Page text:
Getting from Albany, N.Y. to Indy wasn’t bad, except for the 90-minute delay boarding my connecting flight. As you most likely know, traveling can almost never be completely smooth sailing.
By the way, as stupid as they might look around your neck those pillows really do help.
First day of Combine media availability. GM Dave Gettleman and head coach Joe Judge were available, and we know they managed to muddy up the waters when it comes to whether or not the organization really believes in Daniel Jones. That whole thing was, and is, perplexing.
Player-wise, quarterbacks, tight ends and wide receivers were available to media. Spoke with the very impressive CeeDee Lamb.
The highlight of my day, though? Meeting Mark Schofield in person. As long as Mark has done work with me here at Big Blue View, we had never met in person until Tuesday while we were working the media room.
Mark is the best quarterback analyst I know, but he always says he wasn’t a very good college quarterback. Now I know part of the reason. Hey, Schofield, how many inches did that Wesleyan College bio that claims you’re 5-foot-10 actually add?
Wednesday began with me being mesmerized by the biggest football player I have probably ever dealt with, and ended with my paying the biggest dinner bill of my life. Memo to Vox Media overlords who were expecting/hoping/praying I would stick to the meal per diem — you might want to stop reading now.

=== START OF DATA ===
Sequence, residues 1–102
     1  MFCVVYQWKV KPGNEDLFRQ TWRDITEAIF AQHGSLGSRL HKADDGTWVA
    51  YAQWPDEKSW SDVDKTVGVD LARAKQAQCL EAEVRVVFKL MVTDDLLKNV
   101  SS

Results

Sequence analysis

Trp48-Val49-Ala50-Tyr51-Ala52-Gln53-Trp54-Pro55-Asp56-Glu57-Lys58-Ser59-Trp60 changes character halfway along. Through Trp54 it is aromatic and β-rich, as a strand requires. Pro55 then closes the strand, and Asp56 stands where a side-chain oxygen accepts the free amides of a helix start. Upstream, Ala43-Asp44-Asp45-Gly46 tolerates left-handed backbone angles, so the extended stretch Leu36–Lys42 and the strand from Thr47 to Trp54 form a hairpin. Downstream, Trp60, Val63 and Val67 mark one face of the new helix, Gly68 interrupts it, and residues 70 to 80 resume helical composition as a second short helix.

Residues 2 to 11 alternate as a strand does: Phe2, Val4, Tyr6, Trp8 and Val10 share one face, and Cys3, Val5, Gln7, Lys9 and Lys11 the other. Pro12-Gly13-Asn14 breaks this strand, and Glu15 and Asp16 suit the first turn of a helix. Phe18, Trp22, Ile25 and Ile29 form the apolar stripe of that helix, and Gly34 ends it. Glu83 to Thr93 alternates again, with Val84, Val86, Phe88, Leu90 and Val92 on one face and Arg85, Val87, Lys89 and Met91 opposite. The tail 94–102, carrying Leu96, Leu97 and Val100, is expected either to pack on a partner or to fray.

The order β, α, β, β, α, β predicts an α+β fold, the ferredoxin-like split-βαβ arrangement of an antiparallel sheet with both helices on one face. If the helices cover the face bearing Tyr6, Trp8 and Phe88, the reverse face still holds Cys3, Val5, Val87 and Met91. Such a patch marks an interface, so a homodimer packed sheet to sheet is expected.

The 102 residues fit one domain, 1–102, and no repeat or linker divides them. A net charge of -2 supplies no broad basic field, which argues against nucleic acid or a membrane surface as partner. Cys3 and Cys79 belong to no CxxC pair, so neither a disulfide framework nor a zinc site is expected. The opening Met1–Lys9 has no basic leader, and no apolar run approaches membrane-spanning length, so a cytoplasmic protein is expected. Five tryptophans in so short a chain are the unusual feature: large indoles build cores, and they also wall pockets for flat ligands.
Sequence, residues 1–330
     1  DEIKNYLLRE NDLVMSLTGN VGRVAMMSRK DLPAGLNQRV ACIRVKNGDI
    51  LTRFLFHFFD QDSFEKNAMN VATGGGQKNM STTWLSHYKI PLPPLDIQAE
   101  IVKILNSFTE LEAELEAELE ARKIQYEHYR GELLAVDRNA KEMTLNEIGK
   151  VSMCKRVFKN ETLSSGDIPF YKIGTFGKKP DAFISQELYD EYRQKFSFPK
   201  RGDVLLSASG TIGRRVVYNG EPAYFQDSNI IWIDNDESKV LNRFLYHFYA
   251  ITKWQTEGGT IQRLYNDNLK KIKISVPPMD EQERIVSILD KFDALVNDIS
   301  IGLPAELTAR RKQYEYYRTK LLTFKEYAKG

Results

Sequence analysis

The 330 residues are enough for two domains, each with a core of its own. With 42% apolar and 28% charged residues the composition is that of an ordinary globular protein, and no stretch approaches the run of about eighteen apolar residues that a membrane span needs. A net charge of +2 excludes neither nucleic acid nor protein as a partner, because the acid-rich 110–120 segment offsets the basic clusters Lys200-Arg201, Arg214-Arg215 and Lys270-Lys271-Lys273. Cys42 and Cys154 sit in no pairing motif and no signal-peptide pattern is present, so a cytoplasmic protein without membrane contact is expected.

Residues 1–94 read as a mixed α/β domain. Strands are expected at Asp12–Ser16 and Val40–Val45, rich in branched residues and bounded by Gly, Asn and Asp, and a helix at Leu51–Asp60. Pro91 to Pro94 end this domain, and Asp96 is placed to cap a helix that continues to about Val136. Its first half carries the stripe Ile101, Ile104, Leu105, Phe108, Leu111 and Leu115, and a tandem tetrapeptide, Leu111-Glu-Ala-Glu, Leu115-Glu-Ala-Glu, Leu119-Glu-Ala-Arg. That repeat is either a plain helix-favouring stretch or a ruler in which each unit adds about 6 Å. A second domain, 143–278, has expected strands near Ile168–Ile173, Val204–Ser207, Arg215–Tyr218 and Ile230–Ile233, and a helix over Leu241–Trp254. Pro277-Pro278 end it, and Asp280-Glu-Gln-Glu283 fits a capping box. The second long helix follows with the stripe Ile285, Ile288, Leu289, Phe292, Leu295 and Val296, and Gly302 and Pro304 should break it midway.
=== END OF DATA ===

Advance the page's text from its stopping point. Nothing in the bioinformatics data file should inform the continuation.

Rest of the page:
The first thing I did Wednesday was make sure I got to the Indiana Convention Center in time for Mekhi Becton’s media availability. He’s every bit of 6-foot-7 and change and 364 pounds. And I will tell you from personal experience it can be, umm, uncomfortable when he glares at you.
Now, about that dinner bill.
When you travel, there are always places in those cities that are “Bucket List” sort of stops. St. Elmo’s Steak House is one such place in Indianapolis. St. Elmo’s has been in business since 1902 and is an Indianapolis landmark.
Emory Hunt, who has been there a number of times, started chatting with Patricia Traina and I about eating there months before the Combine. Pat ended up unable to go, so I ventured out for the most expensive meal of my life with Hunt and Chris James of Football Gameplan, and ESPN Tennessee Titans reporter Turron Davenport.
By the way, Pat bailing on us left me as the token white guy at our table, with Emory saying I was “bringing the diversity” to the evening.
St. Elmo’s is one of those places where the waiters wear tuxedos, and where the cheapest steak on the menu is $43. I mean, you’re really not going to go a place like this for the first time and order the cheapest thing on the menu, the $25 chicken breast. Are you? Want to go all-in? Order the $104 dry-aged prime ribeye.
Anyway, this is one of those places where you know if you’re walking in the door you’re not really caring about how much lighter your wallet is when you leave.
Now, $11 salad for me, $15.95 shrimp cocktails for the rest of the group, plentiful and awesome bread, steak and potatoes was plenty.